If you have enough time and you’re looking for some real relaxation, visit Sauna Aqua Azul. Hidden away down a street in Patershol, this is experience is true tranquility. Choose from two saunas and a Turkish bath, order some healthy snacks (or don’t and order a Belgian beer), or book a massage.
Local Julie is an exceptional yogi, she even got 105 people to practice some yoga moves to relax and stretch the muscles after a hard day’s walking at our Spotters Weekend in Athens. For some yoga in Ghent, both Nick and Julie recommends taking a class at Yoga-on-Call, either on the Oudescheldestraat or up North.
9. (Vintage) Shopping in Ghent
Even if you only have a few hours in the city, many of you will probably want to do a bit of shopping. Of the many art house cinemas and small theaters that have had to close their doors over the last few years, a lot of their furniture has ended up at Antiek Depot. Okay, you might not have room in your carry-on for a director’s chair, but this garage full of antique and vintage furniture is worth a visit nonetheless.
For smaller-sized shopping, walk down the Sint-Pieternieuwstraat and pop in to the shops local Bennie recommends here, or head to the Sunday market at Ledeberg. Get your kitsch on at Zsa Zsa Rouge, shop for stylish clothes at Don (men) or Maaike Kleedt.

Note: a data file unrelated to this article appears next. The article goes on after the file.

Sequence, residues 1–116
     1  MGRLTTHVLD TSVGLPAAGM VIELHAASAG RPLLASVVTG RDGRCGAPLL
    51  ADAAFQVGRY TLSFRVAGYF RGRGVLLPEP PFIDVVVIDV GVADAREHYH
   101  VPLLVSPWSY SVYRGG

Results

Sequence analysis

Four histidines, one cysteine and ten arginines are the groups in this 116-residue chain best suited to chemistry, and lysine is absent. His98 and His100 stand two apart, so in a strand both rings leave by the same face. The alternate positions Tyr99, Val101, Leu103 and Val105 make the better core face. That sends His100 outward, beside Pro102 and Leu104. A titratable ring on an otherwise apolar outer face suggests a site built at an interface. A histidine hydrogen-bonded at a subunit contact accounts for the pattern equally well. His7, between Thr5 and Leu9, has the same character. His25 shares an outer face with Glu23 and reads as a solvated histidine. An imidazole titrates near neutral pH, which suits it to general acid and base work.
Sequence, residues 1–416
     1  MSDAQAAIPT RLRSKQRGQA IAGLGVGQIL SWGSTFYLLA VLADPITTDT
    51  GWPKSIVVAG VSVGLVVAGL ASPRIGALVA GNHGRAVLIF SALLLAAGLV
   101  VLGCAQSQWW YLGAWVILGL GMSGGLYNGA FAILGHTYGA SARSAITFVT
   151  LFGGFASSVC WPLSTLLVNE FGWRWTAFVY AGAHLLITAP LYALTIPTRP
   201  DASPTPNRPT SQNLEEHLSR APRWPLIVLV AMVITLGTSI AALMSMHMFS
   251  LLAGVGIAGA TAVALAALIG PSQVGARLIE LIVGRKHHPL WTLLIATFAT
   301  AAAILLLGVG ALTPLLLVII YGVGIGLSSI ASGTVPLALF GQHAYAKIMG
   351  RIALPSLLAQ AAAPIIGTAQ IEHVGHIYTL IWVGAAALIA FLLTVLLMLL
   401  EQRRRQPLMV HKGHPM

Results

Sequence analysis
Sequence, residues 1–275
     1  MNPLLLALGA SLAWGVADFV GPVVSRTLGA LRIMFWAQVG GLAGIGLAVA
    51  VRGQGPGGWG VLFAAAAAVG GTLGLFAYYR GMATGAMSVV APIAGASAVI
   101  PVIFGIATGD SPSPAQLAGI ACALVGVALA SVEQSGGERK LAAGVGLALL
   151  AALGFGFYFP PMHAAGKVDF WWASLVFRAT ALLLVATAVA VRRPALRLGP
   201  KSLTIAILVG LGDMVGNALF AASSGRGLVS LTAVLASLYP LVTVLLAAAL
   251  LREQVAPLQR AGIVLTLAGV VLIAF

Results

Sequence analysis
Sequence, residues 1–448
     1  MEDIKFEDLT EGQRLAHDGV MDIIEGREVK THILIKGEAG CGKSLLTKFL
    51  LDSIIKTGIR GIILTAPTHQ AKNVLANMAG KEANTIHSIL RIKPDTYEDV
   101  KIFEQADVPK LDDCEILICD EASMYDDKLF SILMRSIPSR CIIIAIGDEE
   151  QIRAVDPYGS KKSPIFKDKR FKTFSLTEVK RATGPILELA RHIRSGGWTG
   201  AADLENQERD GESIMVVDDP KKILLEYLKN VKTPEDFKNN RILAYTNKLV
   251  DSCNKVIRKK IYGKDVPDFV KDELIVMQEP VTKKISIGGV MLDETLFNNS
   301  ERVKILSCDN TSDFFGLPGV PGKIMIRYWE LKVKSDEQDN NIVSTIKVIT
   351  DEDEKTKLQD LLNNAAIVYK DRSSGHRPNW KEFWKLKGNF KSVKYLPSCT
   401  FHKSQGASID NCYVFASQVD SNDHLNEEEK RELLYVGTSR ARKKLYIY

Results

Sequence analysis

“Design museum Gent has one of the most superb Art Nouveau collections in the country” or, “The only design museum in Belgium, devoted to 20th century and contemporary design.” True, both these statements come from the Design museum itself, but that doesn’t diminish the truth to these words. In fact, Flanders, and in particular Ghent, is an important part of the design industry. As is further corroborated by our locals.
Go for Scandinavian and Belgian design at Elle et Gand, or the Koperhuis if you’re with someone who’d prefer to get a drink while you peruse the items on offer. Both shops come with an explicit warning though, you’ll immediately want to redecorate your house.
This post was created in cooperation with Visit Gent.